One of my favorite sports movies is “42” I mentioned to my wife after the movie that “every kid in America should see this movie.” If you haven’t seen it, watch it with your kids!
I thought more about the movie during a morning run and realized that every entrepreneur should watch the movie too. I won’t equate starting a company to breaking the color barrier in Major League Baseball in the late ‘40’s, but there are some parallels in trying to do something that has not been done before, and particularly the determination and sacrifices that are required to get there.
I already knew the story of Jackie Robinson – even though he died when I was only 6 years old, everyone knew what he had done for baseball, and by the early 70’s, many of the game’s stars were Black. However, I didn’t know much at all about Branch Rickey. I knew his name, and that he signed Jackie, but I didn’t know why. I also had no idea how much support (beyond financial) that he provided to Jackie during that first horrible year when Jackie was harassed, threatened and constantly torn down.
While watching the movie, it seemed that every time Jackie experienced a particularly tough situation, Branch Rickey was there to support him. Ultimately, that support helped Jackie become an icon in the sports world and an ambassador of goodwill. I’m sure that was a little bit of extra Hollywood flavoring, but I did appreciate the context – while Jackie was the front guy out there, there was also a man behind the scenes that provided the support and encouragement that helped Jackie during his darkest moments.
Every entrepreneur needs this type of person. Starting and running a business is extremely hard. Most of the time you have people telling you what you’re doing can’t be done, or that you’re doing it wrong, or that you’re simply crazy. Most startups will go through the hype cycle – including my favorite step – the trough of disillusionment. It’s imperative that you have that person that believes in you, that will encourage you and help you through your own entrepreneurial dark days.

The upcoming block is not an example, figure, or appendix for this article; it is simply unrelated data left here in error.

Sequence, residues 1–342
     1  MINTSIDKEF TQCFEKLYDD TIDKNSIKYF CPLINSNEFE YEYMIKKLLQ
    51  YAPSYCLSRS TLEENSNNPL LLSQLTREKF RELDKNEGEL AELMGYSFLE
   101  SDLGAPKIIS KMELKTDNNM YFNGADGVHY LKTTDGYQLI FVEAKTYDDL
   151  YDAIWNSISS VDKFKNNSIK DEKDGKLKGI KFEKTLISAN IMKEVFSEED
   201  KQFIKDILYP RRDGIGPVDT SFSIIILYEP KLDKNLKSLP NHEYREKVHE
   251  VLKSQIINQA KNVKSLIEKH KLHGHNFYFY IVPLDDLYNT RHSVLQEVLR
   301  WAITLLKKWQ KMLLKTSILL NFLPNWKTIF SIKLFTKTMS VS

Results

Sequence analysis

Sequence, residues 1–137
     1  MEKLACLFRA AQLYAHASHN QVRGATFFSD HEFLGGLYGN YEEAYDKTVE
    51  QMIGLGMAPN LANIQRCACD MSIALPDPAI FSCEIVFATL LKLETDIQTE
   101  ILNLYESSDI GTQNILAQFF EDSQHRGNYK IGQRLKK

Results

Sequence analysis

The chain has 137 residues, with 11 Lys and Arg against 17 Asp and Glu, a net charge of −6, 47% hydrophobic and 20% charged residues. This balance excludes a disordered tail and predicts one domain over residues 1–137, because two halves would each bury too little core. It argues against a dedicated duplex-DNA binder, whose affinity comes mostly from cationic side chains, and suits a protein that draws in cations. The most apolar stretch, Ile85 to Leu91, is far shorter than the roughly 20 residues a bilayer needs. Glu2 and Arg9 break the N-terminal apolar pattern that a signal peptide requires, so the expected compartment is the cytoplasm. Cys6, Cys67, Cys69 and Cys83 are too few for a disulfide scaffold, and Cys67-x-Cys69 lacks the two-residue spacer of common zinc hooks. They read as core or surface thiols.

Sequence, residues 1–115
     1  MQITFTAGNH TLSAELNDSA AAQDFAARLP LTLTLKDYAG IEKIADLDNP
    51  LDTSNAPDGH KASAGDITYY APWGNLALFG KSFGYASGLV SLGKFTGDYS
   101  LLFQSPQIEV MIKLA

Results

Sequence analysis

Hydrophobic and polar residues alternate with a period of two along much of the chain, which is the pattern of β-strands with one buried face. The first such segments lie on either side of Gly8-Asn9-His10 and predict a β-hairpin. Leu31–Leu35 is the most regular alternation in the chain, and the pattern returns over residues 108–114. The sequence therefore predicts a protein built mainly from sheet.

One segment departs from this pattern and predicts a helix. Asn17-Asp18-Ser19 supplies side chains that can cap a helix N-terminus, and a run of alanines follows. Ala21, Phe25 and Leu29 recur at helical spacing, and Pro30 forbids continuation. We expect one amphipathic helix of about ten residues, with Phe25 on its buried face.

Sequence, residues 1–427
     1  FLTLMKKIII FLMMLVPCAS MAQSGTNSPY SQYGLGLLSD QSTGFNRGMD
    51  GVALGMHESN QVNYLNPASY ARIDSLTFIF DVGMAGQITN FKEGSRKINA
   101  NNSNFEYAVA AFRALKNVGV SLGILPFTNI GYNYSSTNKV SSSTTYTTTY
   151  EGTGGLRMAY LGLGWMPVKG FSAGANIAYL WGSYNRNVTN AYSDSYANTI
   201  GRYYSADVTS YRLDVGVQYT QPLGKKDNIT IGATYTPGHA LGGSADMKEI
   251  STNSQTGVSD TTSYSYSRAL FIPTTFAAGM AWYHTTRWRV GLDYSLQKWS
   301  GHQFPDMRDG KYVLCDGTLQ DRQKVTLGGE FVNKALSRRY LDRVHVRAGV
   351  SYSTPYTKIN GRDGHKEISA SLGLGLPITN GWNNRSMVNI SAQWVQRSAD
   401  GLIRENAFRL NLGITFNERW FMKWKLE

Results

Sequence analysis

Of course it is always helpful if this person is supporting your business financially (like Branch Rickey did for Jackie) but I don’t think that’s required. In fact, in many cases, it takes a very unique individual to be able to provide the support required when they themselves have so much financially riding on the outcome.
Branch Rickey was a unique and amazing man. Not only did he want to move our country forward from a social perspective, but he felt the introduction of Black ballplayers would significantly increase the popularity of the game in the city and provide him with a whole new demographic to market to. He was correct on both counts, but again, that is beside the point. Without his unwavering support, his ability to keep Jackie focused on the big picture, how and when to “pivot” based on the feedback being presented to them, and also knowing when to push and when to hold back, Jackie could have easily succumbed to the pressure and set back equal rights for many years.